Apple wants another shot at beating so called patent troll VirnetX in court.
The Cupertino company was previously ordered to pay $439 million for infringing on two of VirnetX’s patents with its FaceTime technology. However, an appeals court has since found many of VirnetX’s patents to be unpatentable.
In a filing made this week, Apple asked the Federal U.S. Court of Appeals for a rehearing of its case. This is the second such request Apple has made, with the first one being denied.
Apple says that it could not have made the argument against VirnetX in its original petition because there was not sufficient time after the court made its verdict. Only half an hour elapsed between the judgment against VirnetX and the denial of Apple’s request.
Apple’s lawyers are seeking an “en banc” hearing. This is a session in which a case is heard before all the judges of a court, instead of a select panel of judges. It is typically reserved for cases that are either very important or very complex.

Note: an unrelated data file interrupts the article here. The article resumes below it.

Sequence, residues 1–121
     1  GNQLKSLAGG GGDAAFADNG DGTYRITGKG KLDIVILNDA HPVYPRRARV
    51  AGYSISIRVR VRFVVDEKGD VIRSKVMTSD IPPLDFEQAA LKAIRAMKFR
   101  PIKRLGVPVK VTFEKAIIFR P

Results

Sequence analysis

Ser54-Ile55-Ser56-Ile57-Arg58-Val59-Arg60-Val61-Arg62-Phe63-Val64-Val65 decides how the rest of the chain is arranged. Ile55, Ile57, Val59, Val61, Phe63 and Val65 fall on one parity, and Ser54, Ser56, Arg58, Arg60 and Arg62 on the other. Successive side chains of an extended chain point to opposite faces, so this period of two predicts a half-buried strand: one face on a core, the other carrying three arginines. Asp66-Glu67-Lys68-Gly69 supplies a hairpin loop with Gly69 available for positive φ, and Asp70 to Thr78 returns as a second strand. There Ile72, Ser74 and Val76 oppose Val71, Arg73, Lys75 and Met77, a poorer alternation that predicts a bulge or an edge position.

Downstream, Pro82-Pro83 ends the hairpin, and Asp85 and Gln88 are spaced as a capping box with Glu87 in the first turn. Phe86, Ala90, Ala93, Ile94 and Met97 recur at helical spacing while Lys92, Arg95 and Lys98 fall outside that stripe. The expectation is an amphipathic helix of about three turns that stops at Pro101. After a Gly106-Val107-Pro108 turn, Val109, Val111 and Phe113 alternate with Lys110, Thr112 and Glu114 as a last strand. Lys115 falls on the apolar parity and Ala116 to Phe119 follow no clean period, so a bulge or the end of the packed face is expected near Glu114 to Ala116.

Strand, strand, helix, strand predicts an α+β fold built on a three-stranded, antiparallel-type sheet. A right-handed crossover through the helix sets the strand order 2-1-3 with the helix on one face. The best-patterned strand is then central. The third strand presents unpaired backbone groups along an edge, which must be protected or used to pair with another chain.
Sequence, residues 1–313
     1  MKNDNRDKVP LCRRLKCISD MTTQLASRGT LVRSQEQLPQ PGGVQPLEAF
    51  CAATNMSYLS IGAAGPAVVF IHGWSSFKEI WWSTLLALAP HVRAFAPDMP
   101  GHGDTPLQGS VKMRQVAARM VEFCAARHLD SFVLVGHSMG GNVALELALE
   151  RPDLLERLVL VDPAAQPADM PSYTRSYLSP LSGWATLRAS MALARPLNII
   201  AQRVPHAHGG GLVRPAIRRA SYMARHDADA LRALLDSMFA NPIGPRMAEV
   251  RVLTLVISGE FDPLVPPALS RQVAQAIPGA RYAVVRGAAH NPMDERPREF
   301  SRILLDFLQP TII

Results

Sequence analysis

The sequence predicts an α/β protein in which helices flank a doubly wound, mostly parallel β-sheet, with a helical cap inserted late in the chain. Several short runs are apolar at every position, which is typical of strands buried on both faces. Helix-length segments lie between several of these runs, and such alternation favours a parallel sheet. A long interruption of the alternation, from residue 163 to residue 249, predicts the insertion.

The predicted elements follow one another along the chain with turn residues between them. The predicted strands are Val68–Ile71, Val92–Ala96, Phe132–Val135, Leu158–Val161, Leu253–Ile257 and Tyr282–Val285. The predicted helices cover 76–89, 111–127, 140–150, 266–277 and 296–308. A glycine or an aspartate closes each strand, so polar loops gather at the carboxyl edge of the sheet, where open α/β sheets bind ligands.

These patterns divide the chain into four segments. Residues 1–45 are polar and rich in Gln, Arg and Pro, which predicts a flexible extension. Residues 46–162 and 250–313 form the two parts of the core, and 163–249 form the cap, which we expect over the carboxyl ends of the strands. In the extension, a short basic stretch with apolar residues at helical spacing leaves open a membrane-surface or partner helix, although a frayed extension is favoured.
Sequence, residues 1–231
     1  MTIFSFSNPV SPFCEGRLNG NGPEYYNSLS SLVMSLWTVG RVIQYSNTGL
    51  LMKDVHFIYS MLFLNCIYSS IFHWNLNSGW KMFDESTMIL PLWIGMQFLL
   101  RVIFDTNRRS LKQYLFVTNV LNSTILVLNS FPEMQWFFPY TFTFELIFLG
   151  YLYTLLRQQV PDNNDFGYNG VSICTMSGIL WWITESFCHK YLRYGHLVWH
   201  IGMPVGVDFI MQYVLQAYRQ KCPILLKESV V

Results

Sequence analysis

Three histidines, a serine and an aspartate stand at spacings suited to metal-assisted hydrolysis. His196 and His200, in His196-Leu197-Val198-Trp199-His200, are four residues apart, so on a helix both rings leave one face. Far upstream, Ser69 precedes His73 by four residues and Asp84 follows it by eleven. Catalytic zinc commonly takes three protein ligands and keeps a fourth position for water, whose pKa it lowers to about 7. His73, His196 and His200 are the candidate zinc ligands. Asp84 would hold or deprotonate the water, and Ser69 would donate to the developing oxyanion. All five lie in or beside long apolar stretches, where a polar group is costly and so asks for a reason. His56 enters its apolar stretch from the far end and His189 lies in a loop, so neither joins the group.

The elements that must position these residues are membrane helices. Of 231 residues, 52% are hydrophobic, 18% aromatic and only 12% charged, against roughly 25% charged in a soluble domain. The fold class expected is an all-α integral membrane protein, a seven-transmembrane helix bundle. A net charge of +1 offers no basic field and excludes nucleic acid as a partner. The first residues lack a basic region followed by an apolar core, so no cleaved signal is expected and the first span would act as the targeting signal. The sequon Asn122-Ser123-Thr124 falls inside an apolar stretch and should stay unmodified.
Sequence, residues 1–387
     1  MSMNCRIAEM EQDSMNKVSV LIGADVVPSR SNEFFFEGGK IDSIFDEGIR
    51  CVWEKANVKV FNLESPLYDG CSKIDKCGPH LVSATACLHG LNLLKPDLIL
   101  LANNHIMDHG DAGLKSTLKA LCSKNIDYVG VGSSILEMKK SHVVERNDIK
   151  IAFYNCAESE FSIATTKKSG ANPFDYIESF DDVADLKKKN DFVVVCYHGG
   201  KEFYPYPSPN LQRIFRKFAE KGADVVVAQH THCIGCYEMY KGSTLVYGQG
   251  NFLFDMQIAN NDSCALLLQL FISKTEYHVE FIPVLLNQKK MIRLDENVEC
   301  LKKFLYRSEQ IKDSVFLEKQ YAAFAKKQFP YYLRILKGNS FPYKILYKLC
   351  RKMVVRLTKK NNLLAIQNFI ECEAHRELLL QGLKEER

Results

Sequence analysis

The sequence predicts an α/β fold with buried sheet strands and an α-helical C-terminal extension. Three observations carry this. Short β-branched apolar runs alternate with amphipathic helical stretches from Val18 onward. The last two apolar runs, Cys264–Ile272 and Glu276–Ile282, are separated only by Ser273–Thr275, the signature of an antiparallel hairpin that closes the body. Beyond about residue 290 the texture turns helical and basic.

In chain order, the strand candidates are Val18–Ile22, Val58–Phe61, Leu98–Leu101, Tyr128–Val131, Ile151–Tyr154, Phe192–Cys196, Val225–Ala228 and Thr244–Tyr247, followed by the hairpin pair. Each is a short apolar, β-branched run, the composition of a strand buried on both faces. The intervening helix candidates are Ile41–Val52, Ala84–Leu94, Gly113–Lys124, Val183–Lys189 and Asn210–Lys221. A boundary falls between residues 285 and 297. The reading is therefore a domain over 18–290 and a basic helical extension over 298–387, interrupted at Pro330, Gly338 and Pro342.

“At the very least, this [latest turn of events] requires that the underlying infringement judgment be vacated,” Apple’s lawyers argue in their claim.
The long battle between Apple and VirnetX
VirnetX is sometimes referred to as a patent troll because it doesn’t market any product or services. Instead, its money comes through licensing its technology and litigating when its patents are infringed.
Apple and VirnetX have been battling back and forth in court for years. Back in 2013, VirnetX was awarded $368 million after a U.S. court decided Apple had infringed patents relating to FaceTime and VPN technologies used in iOS. VirnetX later took Apple back to court over patented technologies relating to FaceTime and iMessage. It won again.
In this latest case, VirnetX was initially awarded $302.4 million. This was then increased to $439 million.
Apple is one of the most sued companies in the world when it comes to alleged patent infringements. That’s largely due to its market-leading position. With such deep pockets, patent holders understandably see the potential rewards of a court battle being worth the time and cost.
Source: World International Property Review